Christo Wiese shoots down 'tax dodging' claims
Businessman Christo Wiese says it is “absolute rubbish” that he colluded in an alleged multibillion-rand “tax evasion” scheme involving a law firm and multinational oil company.
Wiese has been drawn into a complex dispute in which the South African Revenue Service (SARS) has claimed in court that Africa’s largest law firm‚ ENSafrica‚ and Tullow Oil created an aggressive tax structure to shift assets worth R3.9-billion out of South Africa‚ dodging taxes in the process.
Details of the dispute were published in an article‚ written by investigative journalists at amaBhungane‚ in the Financial Mail on Thursday.
SARS‚ in documents at the High Court in Cape Town‚ alleged that ENS had devised a way for Tullow‚ which had been restructured‚ to get assets worth R3.9-billion out of the country.
“Tullow’s restructure left ENS in charge of a holding company that contained a tax shelter‚ which ENS then sold to Wiese. When SARS came knocking‚ Wiese allegedly moved assets out of the company and sold it to a then ENS partner who told SARS there were no cash or assets left to claim‚” said the report in the Financial Mail.
“Now SARS is going after Wiese‚ the former ENS man and two others personally for R217-million‚ part of a R3.7-billion tax claim rooted in the Tullow restructure‚” said the report.
Speaking to Bruce Whitfield on radio station 702 on Thursday evening‚ the business tycoon said he was not involved in the oil company restructuring process.
“Essentially‚ if one reads the article‚ and might I say intelligently‚ it is complicated and it is also very clear that what happened is Tullow‚ having been a client or a tax client of ENS and their trust‚ underwent a restructuring ... They were fully entitled to restructure in the most tax efficient manner‚” he said.
“Then after that restructuring‚ they approached me or Titan‚ knowing that we are in the market and said that as a consequence of the restructuring there was one company available that they wanted to sell which had a substantial assessed tax loss and also very substantial distributable reserves.”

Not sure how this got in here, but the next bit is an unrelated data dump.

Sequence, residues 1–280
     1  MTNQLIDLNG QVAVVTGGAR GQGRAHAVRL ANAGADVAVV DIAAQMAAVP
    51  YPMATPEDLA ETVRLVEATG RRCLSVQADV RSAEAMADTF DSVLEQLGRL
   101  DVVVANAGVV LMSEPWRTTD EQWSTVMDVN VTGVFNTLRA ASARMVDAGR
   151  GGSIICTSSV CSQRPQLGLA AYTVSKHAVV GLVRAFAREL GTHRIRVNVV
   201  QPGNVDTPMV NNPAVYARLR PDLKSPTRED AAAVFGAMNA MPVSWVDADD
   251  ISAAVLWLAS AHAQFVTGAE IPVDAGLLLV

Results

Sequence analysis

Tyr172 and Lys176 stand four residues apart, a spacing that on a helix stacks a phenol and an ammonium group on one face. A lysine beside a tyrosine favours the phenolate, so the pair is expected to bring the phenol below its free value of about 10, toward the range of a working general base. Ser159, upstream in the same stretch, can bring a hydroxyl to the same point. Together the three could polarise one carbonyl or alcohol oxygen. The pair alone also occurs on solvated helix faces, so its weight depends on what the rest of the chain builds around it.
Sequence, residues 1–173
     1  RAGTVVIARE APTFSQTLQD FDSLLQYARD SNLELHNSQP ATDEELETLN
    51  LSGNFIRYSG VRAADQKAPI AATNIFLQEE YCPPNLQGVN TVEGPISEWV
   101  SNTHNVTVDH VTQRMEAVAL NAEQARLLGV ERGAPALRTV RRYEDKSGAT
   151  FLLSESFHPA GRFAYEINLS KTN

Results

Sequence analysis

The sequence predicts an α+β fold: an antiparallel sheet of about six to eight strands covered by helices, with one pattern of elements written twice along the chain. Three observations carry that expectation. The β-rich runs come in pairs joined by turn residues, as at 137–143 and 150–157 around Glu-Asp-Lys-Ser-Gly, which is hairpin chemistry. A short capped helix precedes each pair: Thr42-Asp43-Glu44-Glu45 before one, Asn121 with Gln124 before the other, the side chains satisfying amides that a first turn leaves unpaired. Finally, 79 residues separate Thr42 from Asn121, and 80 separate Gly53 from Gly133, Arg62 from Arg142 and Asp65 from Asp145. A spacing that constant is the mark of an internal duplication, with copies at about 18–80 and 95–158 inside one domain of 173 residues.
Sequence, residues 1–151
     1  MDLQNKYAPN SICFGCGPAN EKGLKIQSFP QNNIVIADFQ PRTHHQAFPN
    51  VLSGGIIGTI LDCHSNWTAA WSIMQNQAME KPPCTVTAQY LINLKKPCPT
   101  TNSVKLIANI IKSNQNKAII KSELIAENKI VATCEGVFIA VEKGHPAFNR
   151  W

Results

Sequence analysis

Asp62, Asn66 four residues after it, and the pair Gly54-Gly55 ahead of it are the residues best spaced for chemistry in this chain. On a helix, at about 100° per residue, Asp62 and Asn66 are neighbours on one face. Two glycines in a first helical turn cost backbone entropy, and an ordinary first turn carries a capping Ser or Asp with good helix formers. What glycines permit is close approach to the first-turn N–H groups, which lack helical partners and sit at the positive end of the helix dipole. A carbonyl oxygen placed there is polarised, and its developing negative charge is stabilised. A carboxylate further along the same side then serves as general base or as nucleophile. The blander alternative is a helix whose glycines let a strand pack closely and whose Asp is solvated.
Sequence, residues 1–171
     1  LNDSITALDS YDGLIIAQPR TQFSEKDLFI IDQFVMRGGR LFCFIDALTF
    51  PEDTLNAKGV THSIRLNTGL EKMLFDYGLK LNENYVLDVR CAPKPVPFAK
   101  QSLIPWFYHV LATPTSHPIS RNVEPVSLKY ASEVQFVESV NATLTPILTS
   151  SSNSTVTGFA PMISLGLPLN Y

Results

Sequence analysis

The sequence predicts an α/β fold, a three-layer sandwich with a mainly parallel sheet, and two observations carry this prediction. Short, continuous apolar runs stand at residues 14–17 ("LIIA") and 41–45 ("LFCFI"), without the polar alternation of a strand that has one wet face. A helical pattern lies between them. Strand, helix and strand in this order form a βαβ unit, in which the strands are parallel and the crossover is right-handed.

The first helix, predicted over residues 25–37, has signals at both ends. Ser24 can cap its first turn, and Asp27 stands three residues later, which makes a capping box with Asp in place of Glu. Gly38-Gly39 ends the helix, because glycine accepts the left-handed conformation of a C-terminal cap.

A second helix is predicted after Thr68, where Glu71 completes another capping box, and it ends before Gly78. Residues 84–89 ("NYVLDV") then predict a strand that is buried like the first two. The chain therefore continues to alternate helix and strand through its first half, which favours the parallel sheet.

Asked if he was part of a tax dodging conspiracy‚ he said: “It’s absolute rubbish. We have never been attacked by SARS because of that alleged collusion because we had nothing to do with the Tullow restructuring.
“Our fight with SARS concerns R217-million‚ in round numbers‚ and that fight is in the open‚ it’s in public documents‚ it’s in the High Court in Cape Town and it will be heard and adjudicated in the next month or two.
“Obviously SARS holds one view on highly technical grounds and we hold an opposing view‚” he added.
Wiese said taxpayers were fully entitled to structure their affairs in the most tax efficient manner. He said that he had‚ during the course of his career‚ had differences of opinion with SARS.
“Sometimes we agree‚ sometimes we disagree and we normally end up settling it.”
The Sunday Times reported in 2012 that SARS had slapped the supermarket magnate with a R2 billion tax bill – at the time the largest single tax claim yet lodged in South Africa.
Wiese was targeted for allegedly under-declaring income in a labyrinth of companies and trusts.
Wiese said‚ at the time‚ that he had nothing to hide and emphasised that not once in his career was he found to have short-changed the fiscus.